Frequently hailed as ‘the Queen of British Burlesque’, 25-year-old Kittie Klaw is at the forefront of the international burlesque renaissance. She is a founder of the Ministry of Burlesque which this month presents High Tease in Glasgow. She tells her story.
The Kittie Klaw story is rather strange. While studying at Glasgow and Edinburgh Universities as a psychologist specialising in parapsychology I accidentally became one of the highest-earning and most sought after burlesque artistes in the world.
My career has taken me from the sun baked beaches of Jamaica through to the ice-cold, vodka-fuelled clubs of Moscow. As the public demand for burlesque has increased in the last few years, the media interest has soared. I’ve just finished filming with ITV on the reality show WAGS Boutique and work with a diverse range of clients from the BBC and Channel 4 to drinks companies and fashion events. I’ve shared stages with the likes of Ms Dynamite, Embrace and Texas and performed for Bryan Ferry, Tracey Emin, Callum Best and Stephen Webster as well as the aristocracy and a host of foreign dignitaries.
Burlesque started out as a student hobby and took over my life. Disappointed in what pop culture had to offer I set up the Ministry of Burlesque (MoB) six years ago in Glasgow. In 2004, my academic mentor died and I decided then to completely quit my life in the lab. I moved to London to embark on global domination in a pair of seven inch heels and a 19 inch corset. Now MoB is firmly established in London too, operating as a full time event production and talent management business.
In Scotland there are plenty of reminders of burlesque history. Glaswegians should be especially proud of their burlesque heritage - the city still has the glorious Britannia Panopticon Music Hall which, at 150 years young, is the UK’s oldest surviving Victorian music hall. It hosted many burlesquers in its time but is now sadly in need of restoration, which is a project we at MoB are heavily involved in. On 22 April, MoB are putting on a specially inspired High Tease revue to raise funds for the restoration. The night features a host of acts based on the Victorian and Edwardian music hall spanning the 1850s to the 1930s.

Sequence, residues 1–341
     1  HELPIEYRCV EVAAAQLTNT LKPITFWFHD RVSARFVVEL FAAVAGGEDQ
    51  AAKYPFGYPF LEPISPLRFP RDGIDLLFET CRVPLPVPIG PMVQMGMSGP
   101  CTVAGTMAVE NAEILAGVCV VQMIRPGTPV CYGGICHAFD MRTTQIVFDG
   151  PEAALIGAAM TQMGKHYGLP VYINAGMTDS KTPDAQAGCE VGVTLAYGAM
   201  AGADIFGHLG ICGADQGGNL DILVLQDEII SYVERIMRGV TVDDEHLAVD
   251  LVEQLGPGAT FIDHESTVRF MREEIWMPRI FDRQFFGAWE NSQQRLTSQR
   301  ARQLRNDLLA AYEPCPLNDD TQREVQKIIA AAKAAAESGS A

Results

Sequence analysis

The recent surge of interest in all things burlesque has seen every club promoter, artist, fashion designer and performer jumping on the burlesque bandwagon giving rise to a variety of misconceptions. But the real sex appeal of burlesque theatre lies in its juxtaposition of bawdiness and subtlety.
Burlesque plays on the fact that clever people are sexy. The skill of a true burlesque performer lies in wit and suggestion, the saucy wink and knowing smile - not in the actual removal of clothes.
There are many reasons why the burlesque scene has become so popular. People are more affluent today than ever before and are opting for live entertainment over the predictable and over-priced culture of bars and discos. Burlesque entertainment has an intimate, interactive feel and it allows audiences to feel theatrical and sexy themselves.
The roots of burlesque go back as far as ancient Greece but its theatrical heyday was in the Victorian music hall. Burlesque literally means ‘to satirise’ and traditionally it incorporated bawdy jokes and provocative antics, relying heavily on costumes and props. Each routine was designed to entertain the masses and show a delicately gloved finger to the establishment. The movement was exported from Britain to America in the 1860s and gradually reinterpreted as ‘striptease’. Performed by men and women from all specialities, these same traditions live on today.
Burlesque and striptease go hand in hand like a good pair of opera gloves, but they aren’t interchangeable. Burlesque acts must have theatrical values. To burlesque is to make a point, regardless of whether anything comes off or not. Sexiness should be incidental and any striptease should be contextually relevant.